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Jakarta Post

Jakarta’s blood supply is running dry

  • News Desk

    The Jakarta Post

Jakarta   /   Sat, August 29, 2020   /   12:51 pm
Jakarta’s blood supply is running dry A representative of the Jakarta office of the Indonesian Red Cross (PMI) draws blood from a donor at the Jakarta PMI office on March 31. (JP/Wendra Ajistyatama)

The Jakarta Red Cross has only about 20 percent of its usual stock of blood because of a decline in blood donations during the COVID-19 pandemic.

Jakarta Deputy Governor Riza Patria said the Red Cross was collecting between 100 and 200 bags of donated blood a day, a fraction of the pre-pandemic average of 1,000 bags a day.

Compounding the scarcity, the demand for blood has been higher during the outbreak. Hospitals in South Jakarta alone have been requiring 1,400 to 1,500 bags of blood daily.

“We urge all residents to actively participate as blood donors for the Red Cross,” Riza said on Friday.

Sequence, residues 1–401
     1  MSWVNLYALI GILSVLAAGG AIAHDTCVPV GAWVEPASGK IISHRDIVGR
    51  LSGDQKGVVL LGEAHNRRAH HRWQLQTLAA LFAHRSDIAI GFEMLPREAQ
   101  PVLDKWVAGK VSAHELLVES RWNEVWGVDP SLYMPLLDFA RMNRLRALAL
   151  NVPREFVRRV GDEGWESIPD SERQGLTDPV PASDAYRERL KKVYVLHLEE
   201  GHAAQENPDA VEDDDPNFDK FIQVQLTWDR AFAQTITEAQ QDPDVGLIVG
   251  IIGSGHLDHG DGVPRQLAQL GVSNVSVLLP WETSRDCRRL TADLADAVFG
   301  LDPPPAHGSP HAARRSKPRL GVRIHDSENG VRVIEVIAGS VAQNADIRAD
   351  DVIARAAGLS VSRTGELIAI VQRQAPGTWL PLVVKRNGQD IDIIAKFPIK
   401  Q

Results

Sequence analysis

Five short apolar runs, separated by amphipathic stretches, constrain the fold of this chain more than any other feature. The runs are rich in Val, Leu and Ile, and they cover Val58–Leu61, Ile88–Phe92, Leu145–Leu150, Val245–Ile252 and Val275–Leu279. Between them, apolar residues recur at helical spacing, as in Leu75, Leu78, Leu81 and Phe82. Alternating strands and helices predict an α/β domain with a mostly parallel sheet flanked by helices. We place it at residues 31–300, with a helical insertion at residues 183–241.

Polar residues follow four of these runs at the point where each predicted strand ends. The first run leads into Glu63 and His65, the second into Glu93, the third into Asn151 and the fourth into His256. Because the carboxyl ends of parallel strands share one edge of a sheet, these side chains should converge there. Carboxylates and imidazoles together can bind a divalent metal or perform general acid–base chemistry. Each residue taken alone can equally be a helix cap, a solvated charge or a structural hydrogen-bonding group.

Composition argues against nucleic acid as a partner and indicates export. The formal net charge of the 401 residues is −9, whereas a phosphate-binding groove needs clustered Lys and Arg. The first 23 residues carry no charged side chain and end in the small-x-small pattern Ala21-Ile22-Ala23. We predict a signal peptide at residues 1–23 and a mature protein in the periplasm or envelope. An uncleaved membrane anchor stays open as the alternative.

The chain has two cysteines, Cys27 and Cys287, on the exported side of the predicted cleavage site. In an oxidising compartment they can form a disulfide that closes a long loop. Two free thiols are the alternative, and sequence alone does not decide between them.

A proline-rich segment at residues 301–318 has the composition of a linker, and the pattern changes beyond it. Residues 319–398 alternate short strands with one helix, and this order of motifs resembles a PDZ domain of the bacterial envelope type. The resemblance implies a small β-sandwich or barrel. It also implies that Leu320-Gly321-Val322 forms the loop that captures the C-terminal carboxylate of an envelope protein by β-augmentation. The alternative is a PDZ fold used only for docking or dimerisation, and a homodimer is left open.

He also asked members of youth organizations and Muslim congregations to routinely donate their blood.

Read also: Blood shortage common in Ramadan, but COVID-19 makes matters worse: PMI

The COVID-19 pandemic has deterred potential blood donors. The Indonesian Red Cross (PMI) said people, institutions and communities had canceled appointments for blood donations because of fears of contagion.

Many hospitals have suspended scheduled, elective and non-emergency procedures, which often require blood transfusions, because of the shortage.

But the demand for blood remains high, particularly for people with thalassemia and hemophilia, who require regular transfusions, as well as for some mothers giving birth.

Both the United States Food and Drug Administration (FDA) and the World Health Organization (WHO) say that the risk of transmission of COVID-19 through the transfusion of blood and components is likely minimal, as the virus chiefly targets the respiratory system. (sau/mfp)